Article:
"Humor is the only test of gravity, and gravity of humor; for a subject which will not bear raillery is suspicious, and a jest which will not bear serious examination is false wit." Aristotle
E. Ethelbert Miller asks: "Why does a political cartoon ignite violence in many parts of the world? Is it the power of image over text or a combination of image and text? How does a good cartoon work (on the mind)? Are there issues of class at work when people become offended by a cartoon? Are political cartoons only for the educated?"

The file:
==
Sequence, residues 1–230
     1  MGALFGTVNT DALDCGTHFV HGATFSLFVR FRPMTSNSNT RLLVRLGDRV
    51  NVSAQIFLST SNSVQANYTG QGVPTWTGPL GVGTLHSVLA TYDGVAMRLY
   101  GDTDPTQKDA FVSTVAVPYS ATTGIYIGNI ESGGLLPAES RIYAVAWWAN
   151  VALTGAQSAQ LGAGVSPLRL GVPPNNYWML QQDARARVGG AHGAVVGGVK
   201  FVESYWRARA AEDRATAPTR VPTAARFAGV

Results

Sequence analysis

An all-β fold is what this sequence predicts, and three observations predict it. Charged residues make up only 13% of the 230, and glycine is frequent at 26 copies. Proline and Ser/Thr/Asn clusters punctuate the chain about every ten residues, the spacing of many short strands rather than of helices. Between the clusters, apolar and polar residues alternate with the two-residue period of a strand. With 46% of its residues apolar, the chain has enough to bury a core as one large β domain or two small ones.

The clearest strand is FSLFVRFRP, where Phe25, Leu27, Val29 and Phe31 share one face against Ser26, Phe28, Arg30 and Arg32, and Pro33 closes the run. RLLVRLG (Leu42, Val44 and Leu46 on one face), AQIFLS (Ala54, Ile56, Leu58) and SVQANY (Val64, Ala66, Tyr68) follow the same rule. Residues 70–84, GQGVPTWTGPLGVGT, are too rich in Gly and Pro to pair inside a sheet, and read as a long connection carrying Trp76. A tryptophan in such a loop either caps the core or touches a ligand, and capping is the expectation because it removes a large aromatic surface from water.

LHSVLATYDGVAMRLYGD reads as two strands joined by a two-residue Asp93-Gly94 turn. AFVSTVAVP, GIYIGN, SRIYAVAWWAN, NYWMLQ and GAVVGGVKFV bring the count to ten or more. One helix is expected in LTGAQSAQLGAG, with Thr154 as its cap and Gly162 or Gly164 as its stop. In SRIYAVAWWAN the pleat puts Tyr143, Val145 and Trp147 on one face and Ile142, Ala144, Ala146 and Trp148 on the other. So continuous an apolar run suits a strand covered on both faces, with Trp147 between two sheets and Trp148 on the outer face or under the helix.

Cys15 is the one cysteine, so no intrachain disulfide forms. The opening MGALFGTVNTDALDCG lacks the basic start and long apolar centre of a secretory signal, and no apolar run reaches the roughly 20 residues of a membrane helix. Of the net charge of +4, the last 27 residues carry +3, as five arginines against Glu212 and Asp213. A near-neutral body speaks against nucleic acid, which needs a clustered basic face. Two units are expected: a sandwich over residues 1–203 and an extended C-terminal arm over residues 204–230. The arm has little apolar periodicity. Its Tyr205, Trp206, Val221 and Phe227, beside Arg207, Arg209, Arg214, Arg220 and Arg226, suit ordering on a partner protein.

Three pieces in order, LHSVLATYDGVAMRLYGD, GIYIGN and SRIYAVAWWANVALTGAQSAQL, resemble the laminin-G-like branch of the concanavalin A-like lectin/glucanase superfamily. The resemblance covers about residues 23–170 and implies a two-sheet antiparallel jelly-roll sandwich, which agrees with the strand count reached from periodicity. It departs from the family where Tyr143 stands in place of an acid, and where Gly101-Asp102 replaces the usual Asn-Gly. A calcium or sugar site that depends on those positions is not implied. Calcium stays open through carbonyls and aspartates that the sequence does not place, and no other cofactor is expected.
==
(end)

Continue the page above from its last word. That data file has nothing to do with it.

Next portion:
Those people, in my view, were usually socially timid, even cowardly, and mired in what we later came to call political correctness (which is a twin for being religiously pious and "correct"), so this is not a question about "class." (And they certainly didn't mind when the ox was being gored for a political belief held by those they disagreed with.) They were also rather hypocritical, because in private they would laugh at and enjoy such work (as we did the comedy records of Redd Foxx in the '60s, or those of Richard Pryor in the '70s), but disavow in public that they approved of or enjoyed it. In other words, their reaction to the drawing was, sadly, all about themselves. Their self-righteous selves. Their image of themselves.